Type 1 diabetes is a tricky condition to manage. Improving blood glucose levels can be difficult. It truly is a 24 hour condition that requires attention every single day. This makes it difficult for some patients to manage, particularly if their glucose levels aren't where they would like them to be.
Unlike other conditions, type 1 diabetes is mostly patient led. They are in charge of testing glucose levels, calculating insulin doses, identifying trends and ultimately making conditions about their condition. As healthcare professionals, we are there to help and advise but at the end of the day the patient will be the expert in their condition. Together we can go about improving blood glucose levels.
However, something I regularly see in my practice is type 1 diabetes patients struggling to get their glucose levels consistent. Many patients I see experience large variability and erratic glucose control whereby their levels swing from high to low on a regular basis. Alternatively, they cannot identify any patterns with their levels making it difficult to advise. This can result in decent HbA1c's but this is achieved through an average of high and low blood glucose levels.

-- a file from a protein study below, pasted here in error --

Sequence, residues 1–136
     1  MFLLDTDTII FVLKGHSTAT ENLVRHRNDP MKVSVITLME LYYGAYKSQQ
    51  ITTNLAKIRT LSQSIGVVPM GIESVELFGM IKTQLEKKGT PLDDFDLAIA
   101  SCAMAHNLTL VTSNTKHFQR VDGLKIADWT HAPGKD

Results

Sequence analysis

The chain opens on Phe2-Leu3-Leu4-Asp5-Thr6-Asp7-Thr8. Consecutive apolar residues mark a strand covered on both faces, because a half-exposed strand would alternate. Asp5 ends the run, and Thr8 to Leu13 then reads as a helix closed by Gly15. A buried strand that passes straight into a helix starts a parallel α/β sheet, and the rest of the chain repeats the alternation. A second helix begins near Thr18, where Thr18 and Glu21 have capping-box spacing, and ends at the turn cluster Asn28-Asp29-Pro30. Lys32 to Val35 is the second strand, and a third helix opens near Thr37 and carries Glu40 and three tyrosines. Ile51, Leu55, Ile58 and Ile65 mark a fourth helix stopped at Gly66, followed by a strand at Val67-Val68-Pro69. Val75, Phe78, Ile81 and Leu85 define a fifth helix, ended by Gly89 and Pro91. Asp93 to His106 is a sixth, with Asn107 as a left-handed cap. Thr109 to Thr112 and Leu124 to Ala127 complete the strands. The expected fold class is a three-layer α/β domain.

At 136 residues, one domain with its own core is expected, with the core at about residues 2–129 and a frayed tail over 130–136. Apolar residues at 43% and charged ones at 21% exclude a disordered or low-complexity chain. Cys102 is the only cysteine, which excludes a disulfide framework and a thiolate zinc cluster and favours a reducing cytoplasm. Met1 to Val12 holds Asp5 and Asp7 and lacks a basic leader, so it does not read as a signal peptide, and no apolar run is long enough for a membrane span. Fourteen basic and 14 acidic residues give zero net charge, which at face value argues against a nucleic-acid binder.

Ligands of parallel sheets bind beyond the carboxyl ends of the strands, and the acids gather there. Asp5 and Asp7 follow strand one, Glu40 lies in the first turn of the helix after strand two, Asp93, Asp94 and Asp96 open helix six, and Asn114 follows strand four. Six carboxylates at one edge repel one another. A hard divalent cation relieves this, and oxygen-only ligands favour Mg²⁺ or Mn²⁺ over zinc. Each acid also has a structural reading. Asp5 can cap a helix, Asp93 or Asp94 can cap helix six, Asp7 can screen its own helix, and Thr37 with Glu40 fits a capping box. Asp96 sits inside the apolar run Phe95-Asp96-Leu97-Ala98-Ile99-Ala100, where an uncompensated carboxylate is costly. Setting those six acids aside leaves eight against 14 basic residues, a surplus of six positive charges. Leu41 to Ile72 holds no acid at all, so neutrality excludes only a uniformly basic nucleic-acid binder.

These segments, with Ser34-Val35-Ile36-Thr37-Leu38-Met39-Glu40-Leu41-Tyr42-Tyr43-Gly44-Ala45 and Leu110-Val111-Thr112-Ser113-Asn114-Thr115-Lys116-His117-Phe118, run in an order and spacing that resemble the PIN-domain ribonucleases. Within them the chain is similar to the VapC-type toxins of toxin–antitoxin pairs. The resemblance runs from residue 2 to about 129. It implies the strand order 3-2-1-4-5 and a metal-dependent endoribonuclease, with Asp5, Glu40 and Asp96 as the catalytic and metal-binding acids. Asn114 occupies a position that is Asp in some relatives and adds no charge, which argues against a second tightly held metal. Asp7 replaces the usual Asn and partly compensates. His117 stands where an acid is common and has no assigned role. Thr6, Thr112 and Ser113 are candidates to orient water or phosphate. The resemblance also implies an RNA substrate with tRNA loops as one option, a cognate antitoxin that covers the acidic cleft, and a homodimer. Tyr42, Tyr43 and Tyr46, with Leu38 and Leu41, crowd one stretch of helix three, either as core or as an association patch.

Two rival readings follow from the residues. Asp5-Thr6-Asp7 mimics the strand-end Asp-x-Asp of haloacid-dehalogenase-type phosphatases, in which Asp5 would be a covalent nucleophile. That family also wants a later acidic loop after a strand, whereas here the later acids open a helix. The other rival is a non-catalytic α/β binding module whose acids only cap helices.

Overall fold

As a rule of thumb, we can generally help such people improve their control by utilising some simple key principles.
The theory side of this is quite simple but where is earns it's value is in the application of it. Often using these methods results in fewer daily injections and less insulin. There have been instances in education sessions where we have managed to half an individuals insulin intake.
It's a long video today but in order to explain this properly it takes some time. I would argue it is an essential time investment for anyone suffering with type 1 diabetes wanting to improve their control.